Saturday, July 20, 2024
8.9 C


My Account

- Advertisement -

Farewell to the crusading John Pilger

It was extremely sad to read of the December 30 death of John Pilger, who was widely regarded [while also being derided in some quarters] as one of the world’s greatest journalists.

Born in Bondi, New South Wales, in 1939, Pilger spent much of his working life in the UK, although he also served as a war correspondent in Vietnam, Cambodia, Bangladesh, and Biafra.

He was perhaps the epitome of modern ‘campaigning journalism’, offering readers and viewers a level of interpretation – buttressed with detailed analysis – that was rare in mainstream media and is virtually non-existent now.

Whatever one thought of his politics, even his most trenchant detractors could not accuse him of pushing a hidden agenda – it was always firmly pinned to his sleeve, for all to see.

Throughout his long career, Pilger was particularly critical of American, Australian, and British foreign policy, which he considered fundamentally imperialist in nature, as well as his native country’s treatment of Indigenous Australians.

He appears to have fallen out of favour with most if not all media outlets in recent years, perhaps because of his relentless criticism of what he regarded as falling journalistic standards [many in New Zealand may remember him from a rather snippy 2003 television interview with Kim Hill], perhaps because some of his views were increasingly out of step with the ‘mainstream consensus’. His view of Russia’s invasion of Ukraine is a case in point: although far from a Putin apologist, he saw the current conflict as largely the product of a strategy of military encirclement and provocation on the part of the United States and Nato. Make of that what you will, but his 2014 opinion piece entitled ‘In Ukraine, the US is dragging us towards war with Russia’ [it’s available online] is either eerily prescient or indicates he was remarkably well-prepared pro-Russia propagandist.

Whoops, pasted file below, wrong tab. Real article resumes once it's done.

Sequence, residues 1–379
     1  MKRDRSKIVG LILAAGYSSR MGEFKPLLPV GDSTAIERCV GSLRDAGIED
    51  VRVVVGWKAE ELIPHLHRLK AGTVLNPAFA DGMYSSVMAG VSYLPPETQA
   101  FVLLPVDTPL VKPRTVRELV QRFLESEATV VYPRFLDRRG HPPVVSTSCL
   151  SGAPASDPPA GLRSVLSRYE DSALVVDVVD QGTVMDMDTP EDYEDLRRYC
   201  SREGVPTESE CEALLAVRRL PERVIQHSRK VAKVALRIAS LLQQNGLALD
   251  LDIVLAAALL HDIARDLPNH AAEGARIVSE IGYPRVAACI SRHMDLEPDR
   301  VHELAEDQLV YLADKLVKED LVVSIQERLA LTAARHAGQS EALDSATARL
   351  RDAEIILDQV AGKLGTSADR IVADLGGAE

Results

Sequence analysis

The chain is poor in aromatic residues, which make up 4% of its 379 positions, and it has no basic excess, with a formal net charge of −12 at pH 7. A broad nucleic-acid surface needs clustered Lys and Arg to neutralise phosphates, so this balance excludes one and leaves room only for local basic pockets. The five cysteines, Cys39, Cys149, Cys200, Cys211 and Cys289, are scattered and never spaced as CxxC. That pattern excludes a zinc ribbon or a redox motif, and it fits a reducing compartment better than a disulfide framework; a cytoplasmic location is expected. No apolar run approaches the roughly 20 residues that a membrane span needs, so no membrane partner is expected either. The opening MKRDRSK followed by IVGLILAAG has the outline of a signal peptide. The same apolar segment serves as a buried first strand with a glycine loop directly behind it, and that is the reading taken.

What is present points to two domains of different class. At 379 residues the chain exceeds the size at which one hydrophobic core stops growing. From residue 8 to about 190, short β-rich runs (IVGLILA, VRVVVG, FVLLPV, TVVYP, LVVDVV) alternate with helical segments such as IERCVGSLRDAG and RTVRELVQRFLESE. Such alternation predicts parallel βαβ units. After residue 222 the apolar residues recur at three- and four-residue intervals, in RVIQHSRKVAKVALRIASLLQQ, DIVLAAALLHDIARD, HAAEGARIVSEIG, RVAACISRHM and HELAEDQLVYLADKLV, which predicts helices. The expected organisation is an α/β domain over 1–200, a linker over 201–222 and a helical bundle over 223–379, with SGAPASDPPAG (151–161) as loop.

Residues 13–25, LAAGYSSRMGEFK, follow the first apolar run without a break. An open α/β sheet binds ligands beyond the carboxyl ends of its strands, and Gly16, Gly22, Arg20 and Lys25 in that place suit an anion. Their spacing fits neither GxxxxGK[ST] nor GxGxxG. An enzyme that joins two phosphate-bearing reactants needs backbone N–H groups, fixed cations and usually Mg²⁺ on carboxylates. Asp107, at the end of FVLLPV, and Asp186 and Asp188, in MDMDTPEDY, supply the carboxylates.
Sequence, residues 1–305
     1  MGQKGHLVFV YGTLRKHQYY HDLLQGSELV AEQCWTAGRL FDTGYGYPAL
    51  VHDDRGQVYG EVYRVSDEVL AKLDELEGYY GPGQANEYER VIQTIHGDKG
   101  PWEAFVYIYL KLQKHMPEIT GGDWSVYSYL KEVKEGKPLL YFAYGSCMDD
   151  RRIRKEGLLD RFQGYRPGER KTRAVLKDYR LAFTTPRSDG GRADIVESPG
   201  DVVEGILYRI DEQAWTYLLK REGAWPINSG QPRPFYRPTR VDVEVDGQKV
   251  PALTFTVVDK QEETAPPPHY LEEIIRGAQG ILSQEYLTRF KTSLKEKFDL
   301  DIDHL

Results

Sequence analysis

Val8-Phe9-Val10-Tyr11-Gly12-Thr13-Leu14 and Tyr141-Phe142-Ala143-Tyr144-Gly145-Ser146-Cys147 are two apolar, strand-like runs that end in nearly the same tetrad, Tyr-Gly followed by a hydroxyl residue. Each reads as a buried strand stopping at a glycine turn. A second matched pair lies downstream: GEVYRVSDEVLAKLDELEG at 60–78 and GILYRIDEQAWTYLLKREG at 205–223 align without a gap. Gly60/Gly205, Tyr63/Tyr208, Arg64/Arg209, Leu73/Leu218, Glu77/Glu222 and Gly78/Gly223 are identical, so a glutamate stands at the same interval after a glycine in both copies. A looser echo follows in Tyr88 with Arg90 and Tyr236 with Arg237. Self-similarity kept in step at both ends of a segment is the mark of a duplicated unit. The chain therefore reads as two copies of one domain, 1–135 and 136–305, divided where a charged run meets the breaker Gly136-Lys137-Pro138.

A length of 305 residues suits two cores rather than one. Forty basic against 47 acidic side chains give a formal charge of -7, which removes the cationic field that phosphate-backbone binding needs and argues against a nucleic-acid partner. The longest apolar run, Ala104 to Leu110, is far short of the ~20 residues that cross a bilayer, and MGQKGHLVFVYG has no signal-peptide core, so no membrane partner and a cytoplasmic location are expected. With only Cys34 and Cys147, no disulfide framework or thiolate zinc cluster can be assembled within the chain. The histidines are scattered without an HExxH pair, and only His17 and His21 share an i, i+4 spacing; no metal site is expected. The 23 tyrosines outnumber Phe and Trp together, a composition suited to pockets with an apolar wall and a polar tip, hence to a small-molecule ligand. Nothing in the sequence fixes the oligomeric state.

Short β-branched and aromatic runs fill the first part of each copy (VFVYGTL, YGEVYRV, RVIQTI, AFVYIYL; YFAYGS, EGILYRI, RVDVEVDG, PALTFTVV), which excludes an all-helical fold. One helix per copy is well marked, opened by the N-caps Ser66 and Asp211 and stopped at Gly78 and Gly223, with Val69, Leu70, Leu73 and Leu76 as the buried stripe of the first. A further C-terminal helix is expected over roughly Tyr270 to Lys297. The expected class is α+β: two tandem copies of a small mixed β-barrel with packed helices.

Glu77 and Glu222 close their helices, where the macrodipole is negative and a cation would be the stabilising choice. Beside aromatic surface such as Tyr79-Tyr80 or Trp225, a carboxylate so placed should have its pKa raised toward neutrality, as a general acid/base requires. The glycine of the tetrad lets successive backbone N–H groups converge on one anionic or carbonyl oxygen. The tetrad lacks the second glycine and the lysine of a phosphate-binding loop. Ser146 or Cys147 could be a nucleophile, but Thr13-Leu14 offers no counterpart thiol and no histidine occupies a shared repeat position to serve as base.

Whether one is familiar with his work or not – or inclined to agree with his analysis – a visit to his website,
johnpilger.com, is thoroughly recommended.

To give you a taste of where Pilger was coming from, here are a few bangers from the man himself:

“The real test of journalism is not just reporting what is happening but why it is happening.”

“The role of a journalist is to challenge the status quo, not serve it.”

“You’re working within a system that is inherently hostile to truth-telling. One only has to see the media reaction to the truth tellers Edward Snowden and Julian Assange – the bitter reaction to people who shamed much of the media, almost at a stroke.”

“It is not enough for journalists to see themselves as mere messengers without understanding the hidden agendas of the message and the myths that surround it.”

“The major Western democracies are moving towards corporatism. Democracy has become a business plan, with a bottom line for every human activity, every dream, every decency, every hope. The main parliamentary parties are now devoted to the same economic policies – socialism for the rich, capitalism for the poor – and the same foreign policy of servility to endless war. This is not democracy. It is to politics what McDonald’s is to food.”

“The true measure of a journalist is not their popularity, but their ability to challenge the powerful and give voice to the powerless.”

We’ll not see his like again.

Related Articles

- Advertisement -
overcast clouds
8.9 ° C
10.5 °
8.9 °
98 %
100 %
11 °
11 °
13 °
9 °
10 °